My friend Howard Houston in Texas and I have been discussing Edward Rutherfurd’s novel Sarum particularly its section on Roman Britain. Howard is most interested in things Roman and in his last communication he wrote:
“One of the things that I found most interesting about Sarum was the tracing of the one family (the first Roman landowners) who managed to stay the leading family in the area for going on a millennia. That a society as advanced as that of the Romans could be brought down to the point that basics like how to make concrete were lost for 1000 years is a warning to us today. “
That set me to thinking about a novel that is one of my favourites and which I first read while boarding at St. Edward’s High School at Austin, Texas. The novel is Walter M. Miller Jr.’s A Canticle For Leibowitz. I read its sequel, Saint Leibowitz And The Wild Horse Woman in 1997 when it came out. At about the same time I read Don DeLillo’s Underworld. Those three books and Howard’s communication have lead to this:
And the story said how Dr. Teller feared the immediate effects of the blast at his viewing site twenty miles from zero point and how he decided it might be helpful to apply sun tan lotion to his face.
— Don De Lillo, Underworld, 1997
“Te absolvat Dominus Jesus Christus: ego autem eius acutoritate te absolve ab omni vinculo…..” before he had finished, a light was shining through the thick curtains of the confessional door. The light grew brighter and brighter until the booth was full of bright noon. The curtain began to smoke.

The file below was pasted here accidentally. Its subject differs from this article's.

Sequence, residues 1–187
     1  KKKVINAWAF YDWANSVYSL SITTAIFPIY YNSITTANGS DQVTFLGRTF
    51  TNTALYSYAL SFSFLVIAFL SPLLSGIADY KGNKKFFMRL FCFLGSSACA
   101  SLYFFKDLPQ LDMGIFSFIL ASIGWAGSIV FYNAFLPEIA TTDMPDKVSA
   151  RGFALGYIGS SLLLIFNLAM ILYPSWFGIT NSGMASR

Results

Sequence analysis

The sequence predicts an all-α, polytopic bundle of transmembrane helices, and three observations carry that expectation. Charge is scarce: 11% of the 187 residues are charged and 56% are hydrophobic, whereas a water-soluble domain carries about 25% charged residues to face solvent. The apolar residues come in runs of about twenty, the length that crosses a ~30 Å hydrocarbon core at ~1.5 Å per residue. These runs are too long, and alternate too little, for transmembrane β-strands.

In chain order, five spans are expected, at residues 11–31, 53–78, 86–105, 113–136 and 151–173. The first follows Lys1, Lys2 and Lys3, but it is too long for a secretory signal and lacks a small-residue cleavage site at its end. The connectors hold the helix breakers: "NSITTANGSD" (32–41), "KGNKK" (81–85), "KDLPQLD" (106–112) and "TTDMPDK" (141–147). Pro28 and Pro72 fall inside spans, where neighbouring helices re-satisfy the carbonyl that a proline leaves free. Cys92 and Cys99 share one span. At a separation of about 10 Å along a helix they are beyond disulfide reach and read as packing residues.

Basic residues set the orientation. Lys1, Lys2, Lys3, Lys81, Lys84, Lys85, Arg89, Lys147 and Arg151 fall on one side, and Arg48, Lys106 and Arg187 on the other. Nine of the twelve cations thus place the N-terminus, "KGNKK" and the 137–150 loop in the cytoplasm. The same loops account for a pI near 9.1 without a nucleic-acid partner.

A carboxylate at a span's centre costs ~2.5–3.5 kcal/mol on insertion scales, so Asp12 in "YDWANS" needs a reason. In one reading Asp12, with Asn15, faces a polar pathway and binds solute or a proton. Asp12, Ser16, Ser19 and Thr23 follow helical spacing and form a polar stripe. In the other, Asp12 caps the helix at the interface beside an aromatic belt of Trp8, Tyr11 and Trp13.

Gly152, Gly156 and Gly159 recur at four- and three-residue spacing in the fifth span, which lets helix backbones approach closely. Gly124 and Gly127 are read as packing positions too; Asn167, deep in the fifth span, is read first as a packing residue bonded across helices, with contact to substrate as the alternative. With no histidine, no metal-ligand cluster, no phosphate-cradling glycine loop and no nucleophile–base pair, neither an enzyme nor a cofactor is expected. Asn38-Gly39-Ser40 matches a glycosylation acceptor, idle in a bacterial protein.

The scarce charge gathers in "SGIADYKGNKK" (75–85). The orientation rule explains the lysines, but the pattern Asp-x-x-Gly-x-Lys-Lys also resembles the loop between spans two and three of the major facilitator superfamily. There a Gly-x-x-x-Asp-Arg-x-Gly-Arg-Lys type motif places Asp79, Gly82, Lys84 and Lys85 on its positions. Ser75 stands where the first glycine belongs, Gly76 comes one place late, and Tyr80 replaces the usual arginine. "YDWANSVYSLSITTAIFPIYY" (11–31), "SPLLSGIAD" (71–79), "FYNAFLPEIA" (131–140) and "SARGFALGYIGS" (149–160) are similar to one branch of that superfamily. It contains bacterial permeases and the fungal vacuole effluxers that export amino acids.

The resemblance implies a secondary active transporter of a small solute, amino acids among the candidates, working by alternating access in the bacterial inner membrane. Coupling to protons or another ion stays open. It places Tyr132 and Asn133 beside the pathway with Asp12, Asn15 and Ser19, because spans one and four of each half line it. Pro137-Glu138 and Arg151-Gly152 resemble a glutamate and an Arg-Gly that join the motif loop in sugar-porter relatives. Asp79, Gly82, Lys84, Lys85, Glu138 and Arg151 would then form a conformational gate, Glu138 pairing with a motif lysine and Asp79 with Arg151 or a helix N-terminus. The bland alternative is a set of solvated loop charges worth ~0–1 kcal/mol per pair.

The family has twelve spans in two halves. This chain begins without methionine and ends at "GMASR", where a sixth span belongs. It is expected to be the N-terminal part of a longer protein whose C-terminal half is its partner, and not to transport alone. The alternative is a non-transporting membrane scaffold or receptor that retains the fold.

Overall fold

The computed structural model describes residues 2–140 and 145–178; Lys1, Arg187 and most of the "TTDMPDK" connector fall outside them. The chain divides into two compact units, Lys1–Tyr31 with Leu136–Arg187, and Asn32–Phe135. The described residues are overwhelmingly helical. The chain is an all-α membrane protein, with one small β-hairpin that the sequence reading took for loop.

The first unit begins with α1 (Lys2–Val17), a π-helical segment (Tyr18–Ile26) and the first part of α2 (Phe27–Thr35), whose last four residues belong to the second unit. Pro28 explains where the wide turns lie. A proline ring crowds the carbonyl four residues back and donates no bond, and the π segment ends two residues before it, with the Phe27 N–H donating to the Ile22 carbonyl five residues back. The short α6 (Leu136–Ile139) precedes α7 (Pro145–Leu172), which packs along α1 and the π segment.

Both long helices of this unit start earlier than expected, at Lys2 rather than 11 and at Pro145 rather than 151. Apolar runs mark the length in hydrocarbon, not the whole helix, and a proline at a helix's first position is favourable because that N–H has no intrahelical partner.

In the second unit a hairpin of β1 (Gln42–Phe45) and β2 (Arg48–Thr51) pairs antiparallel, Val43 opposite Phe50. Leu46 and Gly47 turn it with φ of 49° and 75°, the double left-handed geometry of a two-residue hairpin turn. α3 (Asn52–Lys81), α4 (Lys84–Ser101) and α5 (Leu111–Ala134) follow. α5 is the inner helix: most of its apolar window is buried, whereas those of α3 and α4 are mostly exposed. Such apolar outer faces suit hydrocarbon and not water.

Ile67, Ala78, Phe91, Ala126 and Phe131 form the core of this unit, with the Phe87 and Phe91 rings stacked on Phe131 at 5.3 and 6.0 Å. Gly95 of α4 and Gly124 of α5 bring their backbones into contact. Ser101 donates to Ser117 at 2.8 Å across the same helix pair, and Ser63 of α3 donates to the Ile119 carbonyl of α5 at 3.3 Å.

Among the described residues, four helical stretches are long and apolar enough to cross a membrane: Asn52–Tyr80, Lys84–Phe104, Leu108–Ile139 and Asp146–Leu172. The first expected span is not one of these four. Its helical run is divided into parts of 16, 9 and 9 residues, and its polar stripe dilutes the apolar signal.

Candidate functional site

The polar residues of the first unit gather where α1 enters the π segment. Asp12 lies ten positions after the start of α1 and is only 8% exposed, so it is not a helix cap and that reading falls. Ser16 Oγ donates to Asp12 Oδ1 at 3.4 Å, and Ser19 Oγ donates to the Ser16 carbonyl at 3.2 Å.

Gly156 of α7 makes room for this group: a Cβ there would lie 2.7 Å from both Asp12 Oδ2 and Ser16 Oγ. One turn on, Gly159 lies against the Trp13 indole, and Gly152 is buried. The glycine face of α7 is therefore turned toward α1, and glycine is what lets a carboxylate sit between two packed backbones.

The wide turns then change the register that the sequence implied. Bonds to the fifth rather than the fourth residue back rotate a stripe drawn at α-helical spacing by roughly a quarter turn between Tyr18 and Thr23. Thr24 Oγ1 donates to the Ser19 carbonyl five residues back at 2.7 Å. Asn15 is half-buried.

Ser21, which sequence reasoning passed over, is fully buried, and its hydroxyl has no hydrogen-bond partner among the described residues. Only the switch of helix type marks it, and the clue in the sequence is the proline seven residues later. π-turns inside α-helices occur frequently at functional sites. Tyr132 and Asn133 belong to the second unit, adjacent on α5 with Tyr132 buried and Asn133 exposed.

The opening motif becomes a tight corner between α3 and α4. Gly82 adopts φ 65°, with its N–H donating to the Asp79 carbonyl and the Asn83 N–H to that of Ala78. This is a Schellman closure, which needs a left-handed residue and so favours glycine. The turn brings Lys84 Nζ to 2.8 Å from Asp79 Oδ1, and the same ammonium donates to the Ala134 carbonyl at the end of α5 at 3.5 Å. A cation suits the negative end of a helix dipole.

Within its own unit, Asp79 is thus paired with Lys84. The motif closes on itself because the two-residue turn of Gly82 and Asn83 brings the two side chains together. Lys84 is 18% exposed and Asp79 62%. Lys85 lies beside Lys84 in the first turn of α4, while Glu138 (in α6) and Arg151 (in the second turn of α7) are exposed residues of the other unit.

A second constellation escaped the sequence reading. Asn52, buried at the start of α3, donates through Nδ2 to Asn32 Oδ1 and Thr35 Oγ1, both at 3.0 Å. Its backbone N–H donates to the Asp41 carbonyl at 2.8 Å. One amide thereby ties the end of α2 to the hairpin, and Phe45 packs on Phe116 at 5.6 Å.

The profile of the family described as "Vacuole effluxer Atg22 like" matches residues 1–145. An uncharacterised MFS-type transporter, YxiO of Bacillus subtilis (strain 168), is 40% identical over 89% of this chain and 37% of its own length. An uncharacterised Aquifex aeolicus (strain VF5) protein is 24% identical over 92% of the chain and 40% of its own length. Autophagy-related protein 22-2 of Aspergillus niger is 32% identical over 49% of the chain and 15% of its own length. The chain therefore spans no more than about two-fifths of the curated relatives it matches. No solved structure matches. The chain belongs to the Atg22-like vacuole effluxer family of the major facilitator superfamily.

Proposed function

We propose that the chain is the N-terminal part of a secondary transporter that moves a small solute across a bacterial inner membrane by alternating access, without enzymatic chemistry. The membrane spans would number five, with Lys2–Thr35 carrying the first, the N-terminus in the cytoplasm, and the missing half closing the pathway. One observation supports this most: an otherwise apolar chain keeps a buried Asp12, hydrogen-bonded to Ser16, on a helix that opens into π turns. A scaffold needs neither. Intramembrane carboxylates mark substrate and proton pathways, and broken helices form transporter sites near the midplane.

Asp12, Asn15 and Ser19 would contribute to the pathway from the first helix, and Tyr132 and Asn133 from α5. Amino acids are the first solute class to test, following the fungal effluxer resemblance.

— -Walter M. Miller Jr. , A Canticle for Leibowitz, 1959
Sometime in 1960, in a neo-Gothic chapel at St. Edward’s High School in Austin, Texas (Illustration above by H.N.Pharr II from the inside cover of the 1961 Edwardian), monks of the Catholic Order of the Holy Cross and their wards were chanting the Tantum Ergo. The evening’s benediction was interrupted by air-raid sirens that echoed off the walls and the high ceiling. At Bergstrom, the nearby Strategic Air Command base, B-52D bombers with atom bombs on board took off. We were herded into the basement shelter. Brother Peter Celestine C.S.C. said to us, “Sursum corda; oremus.”
To those of us who lived the day-to-day fear of mass vaporization during the dawn of the Atomic Age and the subsequent Cuban Missile Crisis, the ultimate pean to nuclear destruction was Walter M. Miller Jr.’s A Canticle for Leibowitz. This 1959 science-fiction novel peppered with untranslated Church Latin — about monks who lovingly preserves the remnants of our 20th century civilization, including a delicatessen shopping list by a Jewish nuclear scientist’s wife — has never been out of print. In 1997 Miller’s posthumous Saint Leibowitz and the Wild Horse Woman (Miller committed suicide in 1996) is a sequel of sorts. Both it and Don DeLillo’s Underworld are about Americans coping with nuclear war — in the former, with the actual aftermath of such a war, and in the latter, with the terrible fear of the spectre of such a war created.
Today the fear of A Canticle for Leibowitz ‘s “Flame Deluge”is gone. The Berlin Wall is dust and Mikhail Gorbachev filmed a commercial endorsement for Pizza Hut, before sinking into oblivion. Martin Amis called Underworld “Don DeLillo’s wake for the cold war.” Now that Bacillus anthracis is our weapon of mass destruction of choice, some of us might find an odd comfort in the familiarity of the nuclear blast and its fallout. But it all seems like many lifetimes ago, now. I would not be surprised if any contemporary reader of Underworld might not understand a number of DeLillo’s Cold War references, such as, “He stood looking at the strontium white loaf that sat on a bed of lettuce inside a cake pan in the middle of the table.”